Not that the moral qualms with Batman and Gordon’s decision didn’t have some discomfort from the audience, myself included, but I think it was meant to make people uncomfortable. As was the creepy one-deal only self-destruct at the end surveillance of the entire city. To confront evil is not clean, and easy, and that’s why it makes people uncomfortable. We don’t want to face the darkness withing ourselves, or the darkness in others, so we retreat spiritually and physically from the task.
The thing that these movies do for me is to reflect the truth that the world is a fallen world of sin, where good often can not conquer evil without, to use your applicability of Christ’s sacrifice, taking that same darkness upon ourselves. Not that we turn evil to fight evil, but that’s the problem every person, and especially every believer faces: either we try to remain “pure” at all times, and evil thrives, or we are harsh, and must remain vigilant not to lose ourselves to the darkness. Not to allow lies, killing, or so forth to become actions unto themselves, instead of actions to confront evil. Or on a personal level, not allowing scolding, yelling, confronting, so forth to becomes acts of cruelty instead of acts of accountability to each other in the Lord.
My opinions on the movie, it will not do as well if they kill off Batman. I don’t think there will be the repeat views from die-hard comics (especially DC/Batman) fans if that happens. I hope it doesn’t. I don’t think I’d bring myself to watch it then. 

Jill Stengl
Jill Stengl

Thanks for this great post! I appreciate your insights into what allegory actually is–not an exact re-depiction of the gospel but a story that gives glimpses into reality from an unusual perspective. I am a fan of TDK, and I liked movie #3 overall. The modern depiction of the French Revolution was chilling–and I hope it makes a few “Occupy” supporters think twice.

My daughter, Anne Elisabeth, writes the Tales of Goldstone Wood series, which is highly allegorical yet entirely fantasy. I know how diligently and carefully she handles the allegorical aspects of her story, knowing always that her stories will be despised by many, if only because they might touch an exposed nerve here and there. Some of her Amazon and Goodreads reviews reflect this; others reflect ignorance of the subject matter. Fantasy readers, on the whole, respect only strong heroes and heroines. Flawed characters who cannot save themselves are despised, and their need of God’s grace is at best a mystery and at worst a personal insult.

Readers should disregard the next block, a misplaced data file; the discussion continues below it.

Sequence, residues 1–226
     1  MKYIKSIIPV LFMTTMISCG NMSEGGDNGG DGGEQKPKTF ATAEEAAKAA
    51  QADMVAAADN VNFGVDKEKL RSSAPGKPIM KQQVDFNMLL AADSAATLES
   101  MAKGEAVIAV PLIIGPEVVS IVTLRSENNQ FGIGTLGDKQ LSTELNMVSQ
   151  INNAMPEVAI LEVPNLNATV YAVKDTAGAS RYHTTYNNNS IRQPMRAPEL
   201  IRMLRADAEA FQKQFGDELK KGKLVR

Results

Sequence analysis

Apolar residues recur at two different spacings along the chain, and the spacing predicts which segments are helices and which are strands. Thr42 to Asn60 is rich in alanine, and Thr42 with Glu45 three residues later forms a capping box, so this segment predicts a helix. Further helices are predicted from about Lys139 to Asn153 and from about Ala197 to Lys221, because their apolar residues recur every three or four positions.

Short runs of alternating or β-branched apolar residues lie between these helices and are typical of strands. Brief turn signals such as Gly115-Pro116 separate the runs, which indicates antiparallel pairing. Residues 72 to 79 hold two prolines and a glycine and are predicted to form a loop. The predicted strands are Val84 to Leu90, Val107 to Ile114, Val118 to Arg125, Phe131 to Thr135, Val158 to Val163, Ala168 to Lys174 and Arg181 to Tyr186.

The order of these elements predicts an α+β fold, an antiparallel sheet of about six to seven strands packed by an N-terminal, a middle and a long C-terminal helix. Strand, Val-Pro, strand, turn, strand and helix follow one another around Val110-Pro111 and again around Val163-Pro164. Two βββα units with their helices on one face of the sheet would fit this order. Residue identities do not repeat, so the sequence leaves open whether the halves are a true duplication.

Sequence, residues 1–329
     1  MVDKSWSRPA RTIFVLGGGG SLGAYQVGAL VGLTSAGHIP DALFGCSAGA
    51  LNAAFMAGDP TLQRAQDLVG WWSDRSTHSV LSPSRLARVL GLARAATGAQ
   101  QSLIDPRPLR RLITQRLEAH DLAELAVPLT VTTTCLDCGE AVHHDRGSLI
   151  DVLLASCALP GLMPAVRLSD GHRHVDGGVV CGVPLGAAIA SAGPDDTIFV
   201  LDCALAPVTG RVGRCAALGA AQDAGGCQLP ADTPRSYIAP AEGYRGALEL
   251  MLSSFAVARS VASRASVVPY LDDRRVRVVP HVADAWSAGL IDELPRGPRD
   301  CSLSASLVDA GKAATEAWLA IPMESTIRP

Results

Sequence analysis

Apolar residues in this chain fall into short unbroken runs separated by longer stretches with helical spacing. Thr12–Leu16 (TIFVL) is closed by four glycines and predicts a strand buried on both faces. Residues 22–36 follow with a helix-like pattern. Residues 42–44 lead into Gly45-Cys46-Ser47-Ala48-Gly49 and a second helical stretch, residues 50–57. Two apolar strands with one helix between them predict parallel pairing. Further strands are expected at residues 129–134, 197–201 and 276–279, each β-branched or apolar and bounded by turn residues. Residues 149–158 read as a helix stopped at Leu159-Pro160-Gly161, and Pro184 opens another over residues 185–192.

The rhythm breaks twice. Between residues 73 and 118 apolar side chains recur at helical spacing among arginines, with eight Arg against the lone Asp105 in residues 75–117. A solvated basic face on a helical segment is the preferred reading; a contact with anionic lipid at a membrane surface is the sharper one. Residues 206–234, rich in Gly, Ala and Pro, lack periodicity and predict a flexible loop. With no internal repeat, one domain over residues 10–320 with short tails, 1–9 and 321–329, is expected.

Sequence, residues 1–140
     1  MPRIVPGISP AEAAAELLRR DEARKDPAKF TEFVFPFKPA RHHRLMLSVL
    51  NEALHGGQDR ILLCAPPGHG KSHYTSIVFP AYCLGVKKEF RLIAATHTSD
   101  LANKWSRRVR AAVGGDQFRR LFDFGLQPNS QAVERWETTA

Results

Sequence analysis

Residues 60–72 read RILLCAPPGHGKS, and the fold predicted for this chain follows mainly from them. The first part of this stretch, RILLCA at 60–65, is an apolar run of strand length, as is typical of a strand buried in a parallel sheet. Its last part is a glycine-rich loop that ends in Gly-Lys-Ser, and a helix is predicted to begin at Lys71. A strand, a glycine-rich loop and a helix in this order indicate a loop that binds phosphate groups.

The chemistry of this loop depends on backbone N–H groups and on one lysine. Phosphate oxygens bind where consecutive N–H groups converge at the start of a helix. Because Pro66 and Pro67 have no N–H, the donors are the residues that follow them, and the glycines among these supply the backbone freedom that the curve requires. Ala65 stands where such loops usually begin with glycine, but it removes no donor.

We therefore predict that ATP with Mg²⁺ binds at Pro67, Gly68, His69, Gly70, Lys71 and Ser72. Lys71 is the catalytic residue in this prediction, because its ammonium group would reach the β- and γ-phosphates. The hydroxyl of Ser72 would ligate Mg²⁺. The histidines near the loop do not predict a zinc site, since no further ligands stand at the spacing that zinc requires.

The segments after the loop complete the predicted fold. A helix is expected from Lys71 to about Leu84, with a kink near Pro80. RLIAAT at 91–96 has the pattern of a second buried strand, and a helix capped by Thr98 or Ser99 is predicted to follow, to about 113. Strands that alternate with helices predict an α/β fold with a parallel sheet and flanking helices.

I expect negative, even nasty reviews from some non-Christian readers who recognize and resent the allegorical meanings underlying her stories, but I’ve been distressed by the reactions of many CBA readers who complain of the inaccurate depiction of Christ’s love in Heartless because the Christ-figure devotedly loves and rescues the quite undeserving princess. Being a mom (and therefore overreactive), I so much want to point out that Aslan died only for Edmund. Does this make LWW a bad allegory? As you pointed out, there will be imperfections in any allegory. C.S. Lewis had to write a disclaimer at the beginning of The Great Divorce lest anyone think he actually believed we would all ride a bus from Sheol to Paradise. . .

I cannot write fantasy myself, but I am a lifelong fan of the genre–God first touched my heart through the Narnia Chronicles, so I know the power of inspired story. I believe that writers of Christian fantasy, particularly YA and children’s books, need to be extremely careful with the symbolism they use. (I tried reading Dragons in our Midst but couldn’t make it through book one, so I can’t express an educated opinion about that series myself–yet your comments here solidify the impression I gained from those first few chapters.) I am distressed by the shallow, shoddy, or even harmful quality of much fantasy published in the CBA market, yet I hesitate to express my opinions about books because I know how much criticism hurts, and I don’t want anyone to think that I would “dis” any fantasy book in the effort to make my daughter’s books look better–that would be pointless! My desire would be to challenge authors to raise quality throughout the CBA market–quality of writing, depth of theological understanding, and portrayal of truth through fantasy fiction. 

There. Got that out of my system. Heh.